One day, as we wandered with an English woman we met at our hotel looking at filigree shops (her project was to buy jewellery and take it home to sell), we happened upon a lane leading to an old theatre I had read about. Like in many of these odd hamlets, the gentry of the 1800’s erected a theatre and quite well known performers made the arduous journey up the lazy river to perform. Now it has fallen into complete ruins and is inhabited by a number of families who we had heard would agree to show you around for a few pesos. Sure enough as we approached the crumbling facade, the head of a small boy appeared over the top of the doorway and soon he had cracked the door open to admit us. Two or three families live inside, but currently in residence were a teenager and three younger kids. As we walked through the entry, an overwhelming scent of cat urine hit us in the face. All the seats are still there, with old mattresses balanced atop them where everyone including the cats slept. They had ducks corralled in one corner. An electrical wire was threaded over the wall to bring power in for a fridge and a TV, the toilet facilities were not in evidence though the theatre bathrooms still had their signs on them. Suitcases overflowing with old clothes held their wardrobes. Pots and dishes sat around a grease encrusted propane burner. It was a boggling sight, though perhaps less so for me as it was extremely reminiscent of Mrs Day’s house, just a lot warmer. The kids were cheerful and friendly, with a slightly feral air to them, and clearly not attending school. What a life some people are forced to lead.

Twice we have taken the local boat across the river at one end of the town and walked to the next ferry landing about 1.5 km away. The first time we were directed away from the river up a little road by the ferry man and ended up on a path leading us in the right direction but not on the bank as we had hoped to be. It was interesting anyway as we passed farmers’ houses and a small village, and watched people trying to cultivate hard parched ground with hand implements, burning off the old grass with smoky fires to clear for planting. Hence the constant smokiness in the heavy air which is evident even when we open our windows first thing in the morning hoping for a blast of fresh air. At the end of the walk we descended the bank and joined the row of waiting motor bikes, bicycles, and other pedestrians to load on to the small flat bottomed boat. One man brought two goats across, then tied them across the seat of a motorbike on the other side and off they went to the butcher I guess. We seemed to be a source of great good humour to the other passengers for some reason.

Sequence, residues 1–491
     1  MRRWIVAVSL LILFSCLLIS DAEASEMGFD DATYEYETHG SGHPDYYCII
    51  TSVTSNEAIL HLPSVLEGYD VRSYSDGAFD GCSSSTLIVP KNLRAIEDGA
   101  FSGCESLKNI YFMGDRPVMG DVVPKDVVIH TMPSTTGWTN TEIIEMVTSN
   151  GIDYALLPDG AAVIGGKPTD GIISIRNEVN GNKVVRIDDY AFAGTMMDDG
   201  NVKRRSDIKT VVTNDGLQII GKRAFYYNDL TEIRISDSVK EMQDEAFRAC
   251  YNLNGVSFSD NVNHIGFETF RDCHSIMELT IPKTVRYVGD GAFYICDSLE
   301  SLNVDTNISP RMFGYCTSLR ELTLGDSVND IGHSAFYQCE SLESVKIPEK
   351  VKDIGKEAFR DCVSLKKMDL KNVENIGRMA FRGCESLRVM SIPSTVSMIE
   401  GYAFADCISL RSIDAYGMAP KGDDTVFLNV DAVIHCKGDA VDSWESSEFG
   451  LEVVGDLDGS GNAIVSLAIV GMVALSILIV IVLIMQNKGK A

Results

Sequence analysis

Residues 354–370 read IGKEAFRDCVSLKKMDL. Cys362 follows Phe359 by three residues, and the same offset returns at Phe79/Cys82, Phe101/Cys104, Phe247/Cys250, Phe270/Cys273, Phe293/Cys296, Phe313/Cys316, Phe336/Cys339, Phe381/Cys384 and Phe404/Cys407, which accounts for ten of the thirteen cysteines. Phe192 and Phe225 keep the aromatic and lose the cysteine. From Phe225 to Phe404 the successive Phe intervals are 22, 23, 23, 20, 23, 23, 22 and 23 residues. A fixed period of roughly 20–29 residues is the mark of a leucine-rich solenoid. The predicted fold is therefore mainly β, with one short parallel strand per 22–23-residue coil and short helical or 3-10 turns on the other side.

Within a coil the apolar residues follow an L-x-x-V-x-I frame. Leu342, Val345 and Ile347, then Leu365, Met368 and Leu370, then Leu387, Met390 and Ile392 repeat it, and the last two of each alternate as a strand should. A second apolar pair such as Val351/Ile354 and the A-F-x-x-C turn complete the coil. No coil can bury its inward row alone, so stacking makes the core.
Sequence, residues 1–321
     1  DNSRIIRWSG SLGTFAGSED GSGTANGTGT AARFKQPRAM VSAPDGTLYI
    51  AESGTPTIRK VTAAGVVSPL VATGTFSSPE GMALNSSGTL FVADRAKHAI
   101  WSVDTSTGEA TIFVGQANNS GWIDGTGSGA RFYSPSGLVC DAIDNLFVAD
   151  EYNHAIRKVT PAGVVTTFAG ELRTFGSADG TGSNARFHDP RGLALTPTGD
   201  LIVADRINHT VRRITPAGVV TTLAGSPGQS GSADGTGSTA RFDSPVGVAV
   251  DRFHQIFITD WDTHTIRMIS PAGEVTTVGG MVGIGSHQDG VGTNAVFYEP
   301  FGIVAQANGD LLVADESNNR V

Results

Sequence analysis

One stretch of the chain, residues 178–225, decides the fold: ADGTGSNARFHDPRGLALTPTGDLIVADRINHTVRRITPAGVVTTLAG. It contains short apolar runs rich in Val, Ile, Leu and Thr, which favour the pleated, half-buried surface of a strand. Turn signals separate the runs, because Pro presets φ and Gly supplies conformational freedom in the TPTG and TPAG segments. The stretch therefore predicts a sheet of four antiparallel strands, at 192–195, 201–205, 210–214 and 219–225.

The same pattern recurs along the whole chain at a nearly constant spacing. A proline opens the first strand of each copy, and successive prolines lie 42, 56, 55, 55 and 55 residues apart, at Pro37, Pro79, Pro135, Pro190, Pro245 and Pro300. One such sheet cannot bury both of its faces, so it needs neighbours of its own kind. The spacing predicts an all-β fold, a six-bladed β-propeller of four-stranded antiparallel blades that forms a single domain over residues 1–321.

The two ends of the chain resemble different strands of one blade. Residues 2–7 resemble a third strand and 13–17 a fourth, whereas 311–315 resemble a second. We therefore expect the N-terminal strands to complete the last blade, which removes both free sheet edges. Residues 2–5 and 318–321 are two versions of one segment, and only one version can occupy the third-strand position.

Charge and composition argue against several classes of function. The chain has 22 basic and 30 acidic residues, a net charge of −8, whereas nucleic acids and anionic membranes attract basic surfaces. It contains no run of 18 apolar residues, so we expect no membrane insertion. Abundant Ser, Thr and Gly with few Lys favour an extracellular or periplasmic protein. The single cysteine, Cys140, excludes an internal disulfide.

Today on our last day, we decided to do the trip in reverse, and this time we skirted the barbed wire fence at the landing, and made our way along the top of the river bank through pasture and farmland, carefully negotiating the barbed wire at the end of each field. I kept an eye out for packs of dogs — after all we were trespassing — and Doug for the huge and fearsome looking bulls we had seen accompanying the small herds of cattle on our previous outing. The river bank abounds with various sizes of iguanas too, quite startling as they are hard to see and suddenly slither away giving you quite a start. Huge ones hang out at the soccer field for some reason. Much more interesting views this time but boy were we hot! Repaired to a nearby plaza for a “limonada”.

Though we won’t be like the tourist of legend who had to be dragged weeping to his bus so sad was he to leave Mompox behind, we are really glad we came here. It has been so grand to visit a colonial town which just goes about its business, unfettered by the need to accommodate the incessant demands of hordes of tourists. The place is like the storybook lazy tropical village, where life takes its languid pace, nothing much happens, people go about their daily affairs at a rate dictated by the weather, surrounded by antique churches, plazas commemorating history with statues of the heroes of yore, gorgeous mansions are being lived or worked in, no museum pieces here, just a charming small town overhanging a chocolate coloured river proceeding slowly who knows where.

And now for something completely different, we return to Cartagena for one night, then fly to Medellin for a couple of days. Formerly (ten years ago) one of the most dangerous cities in the world, Medellin has apparently been transformed by social planning. Will be most interesting to see. There are very very rich people in this country, its economy is booming, a sizeable middle class, and an appallingly poor population. Nine million still displaced by years of drug wars, civil wars, with horrifying stories of atrocities committed by the paramilitary troops, the insurgents, and the cartels. Medellin has apparently turned itself around. Sounds like a far cry from Mompox…